Prescott VA patient finds solace in art
United States Army Vietnam-era veteran Cornelia “Sarge” Smith is a talented artisan who refuses to allow her creative juices to go dry simply because she is now legally blind and confined to a wheelchair.
A gifted silversmith, goldsmith and leather crafter —she still carries the first leather wallet she crafted complete with embossed leaves on one side and a collie face on the other — the 69-year-old former staff sergeant just completed her first canvas painting of a covered bridge. Smith said she isn’t wild about the finished product mounted on a wall in her room at the Prescott VA Community Living Center.
Public Information Officer Mary Dillinger thinks otherwise.
Dillinger was quick to admire Sarge’ style, one that emerged during the VA’s first women’s-only “Heal Her Heart” art class scheduled on Oct. 19. The VA intends to offer the class on a quarterly basis beginning in January.
Dillinger showed a visitor one of Sarge’s coloring book seahorse pictures colored with expert precision with fine-tipped pencils in assorted shades — not something one might expect someone with limited vision to be able to accomplish. Not to mention the incredible stone and gem work she once crafted at home into stunning silver jewelry adorned with turquoise, malachite and one she identified as “apple coral.”
As she admired the painting, Dillinger suggested to Sarge it was an admirable piece of work for someone who never before picked up a paintbrush. The praise earned a polite nod.
Before she became a full-time CLC patient three years ago, Sarge said she operated a home-based jewelry crafting business. In past years, Sarge has contributed a number of her jewelry pieces into the VA’s spring Creative Arts Festival.
She said she learned leather crafting from her beloved father, Lewis, who carried her basic training photograph from 1969 in his wallet until he died in 2007.
In the military, the Kingman native didn’t have a lot of time for artwork. Her basic training assignment during the Vietnam War period was at a base in Alabama before she was assigned to a base in Georgia and then back to Arizona over the course of the next three years. She then joined the active Reserves for a couple years, where she worked as a recruiter before joining civil affairs in Santa Monica, California where she earned the rank of staff sergeant. She returned to the Army full time in 1974 and joined the military police in Fort Gordon, Georgia. She was sent to drill-sergeant school in South Carolina where she was injured. She returned to Fort Gordon until her discharge.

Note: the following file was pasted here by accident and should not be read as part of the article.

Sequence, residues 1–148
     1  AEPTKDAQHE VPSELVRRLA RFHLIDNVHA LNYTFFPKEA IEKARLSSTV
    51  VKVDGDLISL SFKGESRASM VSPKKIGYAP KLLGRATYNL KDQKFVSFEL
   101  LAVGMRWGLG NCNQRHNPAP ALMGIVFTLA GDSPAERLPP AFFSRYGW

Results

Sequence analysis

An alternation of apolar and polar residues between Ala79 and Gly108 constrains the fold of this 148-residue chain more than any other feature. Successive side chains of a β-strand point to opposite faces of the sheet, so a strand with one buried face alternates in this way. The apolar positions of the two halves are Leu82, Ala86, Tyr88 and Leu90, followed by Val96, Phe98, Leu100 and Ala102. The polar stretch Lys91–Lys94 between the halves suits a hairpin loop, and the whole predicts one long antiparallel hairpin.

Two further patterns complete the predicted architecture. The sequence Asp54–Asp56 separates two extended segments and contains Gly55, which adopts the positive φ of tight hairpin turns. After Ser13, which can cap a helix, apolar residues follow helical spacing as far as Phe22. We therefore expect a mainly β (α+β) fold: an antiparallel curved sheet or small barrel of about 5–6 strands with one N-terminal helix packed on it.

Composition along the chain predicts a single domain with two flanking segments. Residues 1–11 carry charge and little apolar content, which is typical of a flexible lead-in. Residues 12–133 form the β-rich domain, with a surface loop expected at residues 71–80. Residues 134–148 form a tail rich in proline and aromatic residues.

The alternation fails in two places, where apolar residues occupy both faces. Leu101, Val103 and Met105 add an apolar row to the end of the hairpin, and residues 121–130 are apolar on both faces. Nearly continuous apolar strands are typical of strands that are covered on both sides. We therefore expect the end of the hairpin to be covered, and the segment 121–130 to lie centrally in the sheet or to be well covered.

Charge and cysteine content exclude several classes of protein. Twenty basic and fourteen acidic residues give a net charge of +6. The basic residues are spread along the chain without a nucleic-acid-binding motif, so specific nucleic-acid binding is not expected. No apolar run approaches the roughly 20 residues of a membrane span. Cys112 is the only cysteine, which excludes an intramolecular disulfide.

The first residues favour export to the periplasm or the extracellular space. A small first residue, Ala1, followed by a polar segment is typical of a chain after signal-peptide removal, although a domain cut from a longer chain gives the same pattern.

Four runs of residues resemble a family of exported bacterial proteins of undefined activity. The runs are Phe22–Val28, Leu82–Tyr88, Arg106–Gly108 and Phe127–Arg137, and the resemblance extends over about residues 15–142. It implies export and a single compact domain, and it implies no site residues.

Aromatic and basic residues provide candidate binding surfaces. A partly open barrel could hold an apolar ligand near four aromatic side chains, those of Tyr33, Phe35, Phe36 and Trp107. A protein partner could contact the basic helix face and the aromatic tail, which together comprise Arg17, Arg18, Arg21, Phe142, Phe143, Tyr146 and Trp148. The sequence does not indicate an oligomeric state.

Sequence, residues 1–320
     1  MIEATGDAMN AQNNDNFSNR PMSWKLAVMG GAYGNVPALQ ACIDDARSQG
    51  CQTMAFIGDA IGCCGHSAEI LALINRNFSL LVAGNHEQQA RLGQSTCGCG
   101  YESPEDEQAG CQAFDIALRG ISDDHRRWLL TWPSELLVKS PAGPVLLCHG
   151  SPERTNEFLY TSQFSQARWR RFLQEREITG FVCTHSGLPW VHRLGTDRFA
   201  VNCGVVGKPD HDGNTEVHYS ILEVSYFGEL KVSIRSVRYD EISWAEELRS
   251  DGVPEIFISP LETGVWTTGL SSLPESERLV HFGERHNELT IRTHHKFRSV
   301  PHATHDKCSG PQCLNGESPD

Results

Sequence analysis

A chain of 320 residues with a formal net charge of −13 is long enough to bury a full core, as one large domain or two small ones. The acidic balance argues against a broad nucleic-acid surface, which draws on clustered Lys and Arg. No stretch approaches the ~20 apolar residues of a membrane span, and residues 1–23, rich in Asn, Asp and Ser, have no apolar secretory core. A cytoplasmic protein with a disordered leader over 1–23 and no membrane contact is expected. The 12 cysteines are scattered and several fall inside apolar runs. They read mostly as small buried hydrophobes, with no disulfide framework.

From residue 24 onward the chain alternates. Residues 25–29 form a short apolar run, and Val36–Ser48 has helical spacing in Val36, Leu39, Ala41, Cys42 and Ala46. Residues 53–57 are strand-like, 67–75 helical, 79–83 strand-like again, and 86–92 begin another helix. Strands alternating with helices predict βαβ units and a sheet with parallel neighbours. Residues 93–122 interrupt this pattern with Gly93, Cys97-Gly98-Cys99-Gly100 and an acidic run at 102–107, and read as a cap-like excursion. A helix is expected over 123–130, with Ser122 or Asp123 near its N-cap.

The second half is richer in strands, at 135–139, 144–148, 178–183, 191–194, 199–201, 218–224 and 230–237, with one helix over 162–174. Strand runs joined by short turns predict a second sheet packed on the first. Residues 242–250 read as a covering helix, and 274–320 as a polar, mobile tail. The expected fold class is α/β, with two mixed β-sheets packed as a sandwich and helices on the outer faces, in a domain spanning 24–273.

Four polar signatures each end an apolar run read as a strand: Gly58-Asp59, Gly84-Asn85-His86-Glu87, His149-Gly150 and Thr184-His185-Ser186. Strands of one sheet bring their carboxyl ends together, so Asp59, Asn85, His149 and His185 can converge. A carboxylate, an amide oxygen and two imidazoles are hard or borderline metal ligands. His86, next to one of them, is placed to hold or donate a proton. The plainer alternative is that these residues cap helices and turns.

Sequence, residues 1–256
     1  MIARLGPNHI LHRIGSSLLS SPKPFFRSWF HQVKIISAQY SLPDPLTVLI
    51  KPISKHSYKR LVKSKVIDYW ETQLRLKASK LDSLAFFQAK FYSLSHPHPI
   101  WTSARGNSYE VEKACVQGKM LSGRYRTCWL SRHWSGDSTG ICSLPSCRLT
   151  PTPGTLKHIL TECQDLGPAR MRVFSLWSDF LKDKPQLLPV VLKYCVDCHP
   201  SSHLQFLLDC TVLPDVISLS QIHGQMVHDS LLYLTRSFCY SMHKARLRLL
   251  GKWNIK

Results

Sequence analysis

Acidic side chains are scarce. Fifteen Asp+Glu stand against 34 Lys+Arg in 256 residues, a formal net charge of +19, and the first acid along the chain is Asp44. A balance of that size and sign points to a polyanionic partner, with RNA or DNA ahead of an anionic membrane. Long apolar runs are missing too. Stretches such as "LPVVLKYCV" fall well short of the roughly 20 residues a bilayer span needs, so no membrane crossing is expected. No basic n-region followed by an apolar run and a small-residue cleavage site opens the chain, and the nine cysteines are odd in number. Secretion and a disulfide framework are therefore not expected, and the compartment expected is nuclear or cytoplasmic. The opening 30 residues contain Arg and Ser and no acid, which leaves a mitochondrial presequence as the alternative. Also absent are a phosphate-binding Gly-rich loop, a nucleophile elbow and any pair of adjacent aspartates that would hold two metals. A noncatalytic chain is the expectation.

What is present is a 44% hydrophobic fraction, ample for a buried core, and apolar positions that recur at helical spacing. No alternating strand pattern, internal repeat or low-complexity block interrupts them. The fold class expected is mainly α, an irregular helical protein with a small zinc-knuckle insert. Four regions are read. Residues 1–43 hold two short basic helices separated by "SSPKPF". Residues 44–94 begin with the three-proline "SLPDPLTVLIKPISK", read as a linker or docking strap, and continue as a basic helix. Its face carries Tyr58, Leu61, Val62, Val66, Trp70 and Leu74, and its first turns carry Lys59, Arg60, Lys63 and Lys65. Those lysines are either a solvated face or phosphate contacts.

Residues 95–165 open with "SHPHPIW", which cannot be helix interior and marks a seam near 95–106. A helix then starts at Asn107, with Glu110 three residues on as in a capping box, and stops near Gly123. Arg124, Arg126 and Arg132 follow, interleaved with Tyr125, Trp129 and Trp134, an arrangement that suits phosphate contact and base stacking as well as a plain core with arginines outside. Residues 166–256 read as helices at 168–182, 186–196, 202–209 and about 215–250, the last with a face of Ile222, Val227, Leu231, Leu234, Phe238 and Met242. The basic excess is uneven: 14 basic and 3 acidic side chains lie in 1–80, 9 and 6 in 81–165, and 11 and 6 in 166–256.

Sarge is particularly proud that her name is included in a wall at Arlington National Cemetery celebrating honorably discharged women veterans.
In her VA room, next to her painting, is a photograph of her when she enlisted next to a photograph of her Marine fiancé, David Allen LaBeau, killed in Vietnam on Sept. 8, 1967.
Sarge explains that her exploration of her creative talents came after she left the Army. She earned two art degrees at Mohave Community College.
In and out of a wheelchair since 1976, Sarge said she needed a way to earn a living and also cope with her personal frustrations. The options were sales and crafting jewelry.
She opted for the jewelry, beginning with beading and leatherworks before taking workshops in silver and goldsmithing, as well as working with lapis stones.
Though today she only has about 50 percent use of her hands, is legally blind and no longer has access to her jewelry-making machinery, Sarge said she is determined to find new ways to express her talents.
She never misses the Veterans Day parade, and for the last several years participates in the VA’s 2K race in her wheelchair.
“Don’t give up on yourself.”
Follow Nanci Hutson on Twitter @HutsonNanci. Reach her at 928-445-3333 ext. 2041.